JUMP TO TOPIC
- Unit of Frequency
- Frequency of Periodic and Aperiodic Signals
- Frequency in Different Types of Mechanical Waves
- Frequency in Circular Motion
- Important Relations of Frequency
- Examples of Frequency Related Problems
Frequency|Definition & Meaning
Frequency is defined as the number of incidents of a recurring event occurring in a specific time interval. In wave propagation, it is defined as the number of wave cycles that pass through a point in one second. It defines the number of oscillations of a periodic signal that occur per unit second. It is denoted by “f.”
Figure 1 shows two waves with different frequencies.
The orange wave has a higher frequency than the blue wave as more repetitions of a wave pattern are observed compared to the blue wave.
The orange wave pattern from point P to Q repeats four times in one second hence its frequency is 4 Hz. Similarly, the wave pattern of the blue wave from point A to B recurs two times per second, therefore having a frequency of 2 Hz.
The wave pattern from A to B and P to Q is known as the wave cycle. The greater the number of wave cycles passing in one second, the higher the frequency. A higher frequency increases the speed of wave propagation.
Unit of Frequency
The frequency unit is named after Heinrich Rudolf Hertz, a German physicist of the nineteenth century. Its unit is “Hertz” abbreviated as “Hz” which is equal to one cycle per second (/s).
Frequency of Periodic and Aperiodic Signals
A periodic signal repeats itself after a specific interval of time and has a definite shape. Whereas, an aperiodic signal does not recur at a regular time interval. It is also known as a non-periodic signal.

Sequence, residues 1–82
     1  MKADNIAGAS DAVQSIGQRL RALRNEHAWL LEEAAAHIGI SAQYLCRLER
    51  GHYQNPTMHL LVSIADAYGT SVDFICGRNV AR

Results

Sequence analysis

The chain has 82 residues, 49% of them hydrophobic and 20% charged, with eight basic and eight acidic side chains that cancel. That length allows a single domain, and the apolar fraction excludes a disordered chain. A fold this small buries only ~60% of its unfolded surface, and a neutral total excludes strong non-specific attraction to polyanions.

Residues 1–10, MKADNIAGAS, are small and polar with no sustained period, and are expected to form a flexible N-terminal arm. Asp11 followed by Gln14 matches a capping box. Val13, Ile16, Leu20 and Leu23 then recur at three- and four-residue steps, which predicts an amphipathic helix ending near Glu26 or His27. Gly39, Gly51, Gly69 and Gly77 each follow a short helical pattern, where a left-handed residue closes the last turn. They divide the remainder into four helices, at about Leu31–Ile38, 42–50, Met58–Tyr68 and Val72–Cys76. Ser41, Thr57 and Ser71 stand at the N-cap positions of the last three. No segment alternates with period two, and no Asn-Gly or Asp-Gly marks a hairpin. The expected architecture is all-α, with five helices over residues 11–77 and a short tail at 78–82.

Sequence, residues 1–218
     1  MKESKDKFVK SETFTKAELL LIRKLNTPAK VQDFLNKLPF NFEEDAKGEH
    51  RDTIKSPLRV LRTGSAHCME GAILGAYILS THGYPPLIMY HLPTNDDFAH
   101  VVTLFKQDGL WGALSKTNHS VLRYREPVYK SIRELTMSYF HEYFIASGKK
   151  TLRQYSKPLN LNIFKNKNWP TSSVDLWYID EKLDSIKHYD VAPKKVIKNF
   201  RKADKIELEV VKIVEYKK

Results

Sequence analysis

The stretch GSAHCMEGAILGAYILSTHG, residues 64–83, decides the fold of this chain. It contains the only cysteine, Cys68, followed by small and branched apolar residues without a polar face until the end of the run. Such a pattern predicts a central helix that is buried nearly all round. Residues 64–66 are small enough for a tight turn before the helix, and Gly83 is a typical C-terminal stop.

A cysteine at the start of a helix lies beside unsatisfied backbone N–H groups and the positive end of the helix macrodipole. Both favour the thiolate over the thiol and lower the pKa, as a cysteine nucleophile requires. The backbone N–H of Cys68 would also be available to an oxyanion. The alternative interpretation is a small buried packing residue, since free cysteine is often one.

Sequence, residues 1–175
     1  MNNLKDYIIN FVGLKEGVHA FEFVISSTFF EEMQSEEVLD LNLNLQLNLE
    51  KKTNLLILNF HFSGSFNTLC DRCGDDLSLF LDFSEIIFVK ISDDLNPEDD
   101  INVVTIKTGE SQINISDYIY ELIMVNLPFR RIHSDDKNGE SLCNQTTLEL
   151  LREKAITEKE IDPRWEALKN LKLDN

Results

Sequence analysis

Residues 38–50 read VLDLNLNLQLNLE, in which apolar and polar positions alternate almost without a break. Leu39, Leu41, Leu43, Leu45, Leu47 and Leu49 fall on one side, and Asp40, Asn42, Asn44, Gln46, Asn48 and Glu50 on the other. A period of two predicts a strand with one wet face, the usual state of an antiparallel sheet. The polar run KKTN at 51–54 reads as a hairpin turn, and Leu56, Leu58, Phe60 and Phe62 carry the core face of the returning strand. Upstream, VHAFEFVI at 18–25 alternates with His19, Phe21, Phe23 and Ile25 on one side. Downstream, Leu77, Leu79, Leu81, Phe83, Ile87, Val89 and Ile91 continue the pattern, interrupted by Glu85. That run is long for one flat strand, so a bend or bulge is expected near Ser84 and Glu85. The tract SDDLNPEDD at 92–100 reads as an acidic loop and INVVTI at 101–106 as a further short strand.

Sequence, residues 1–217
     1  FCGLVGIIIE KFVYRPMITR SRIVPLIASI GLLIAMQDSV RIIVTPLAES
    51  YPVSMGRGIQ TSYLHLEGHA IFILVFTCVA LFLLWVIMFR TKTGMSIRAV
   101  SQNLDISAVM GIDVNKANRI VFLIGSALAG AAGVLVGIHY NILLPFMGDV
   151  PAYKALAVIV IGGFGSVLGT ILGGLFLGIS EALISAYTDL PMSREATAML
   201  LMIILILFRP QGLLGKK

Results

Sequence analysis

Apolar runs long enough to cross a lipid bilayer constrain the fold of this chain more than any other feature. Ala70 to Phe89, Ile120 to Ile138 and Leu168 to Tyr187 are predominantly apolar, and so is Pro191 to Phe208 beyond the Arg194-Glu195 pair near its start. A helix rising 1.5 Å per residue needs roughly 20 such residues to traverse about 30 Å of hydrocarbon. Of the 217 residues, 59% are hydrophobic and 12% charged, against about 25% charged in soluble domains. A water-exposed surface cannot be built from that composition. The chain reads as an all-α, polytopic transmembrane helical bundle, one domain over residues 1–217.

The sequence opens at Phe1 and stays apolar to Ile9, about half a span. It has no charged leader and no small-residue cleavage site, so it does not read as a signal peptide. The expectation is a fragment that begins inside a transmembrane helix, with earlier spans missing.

The periodic signal has a single frequency whereas an aperiodic signal has multiple frequencies spread over a continuous range.
Frequency in Different Types of Mechanical Waves
A mechanical wave transfers energy through a medium by the oscillation of matter. There are two types of mechanical waves depending upon the motion of wave particles. The frequency of both waves is discussed below.
The particles of a transverse wave move perpendicularly to the direction of wave propagation. Examples of transverse waves are light waves, radio waves and water waves formed when a stone is thrown into it.
The particles undergo a to-and-fro motion about their mean position. Figure 2 shows a transverse wave.
The maxima and minima of the transverse are known as the crest and trough respectively. The wave from crest to crest or trough to trough makes a complete wave cycle. As a one-and-a-half wave cycle passes per second in the above figure, the frequency of the wave will be 1.5 Hz.
A longitudinal wave propagates parallel to the motion of the wave particles. An example of longitudinal waves is sound waves. Figure 3 shows a longitudinal wave.
The wave particles of longitudinal waves have back-and-forth motion. It consists of compressions and rarefactions as shown in the figure. One wave cycle consists of one compression and one rarefaction.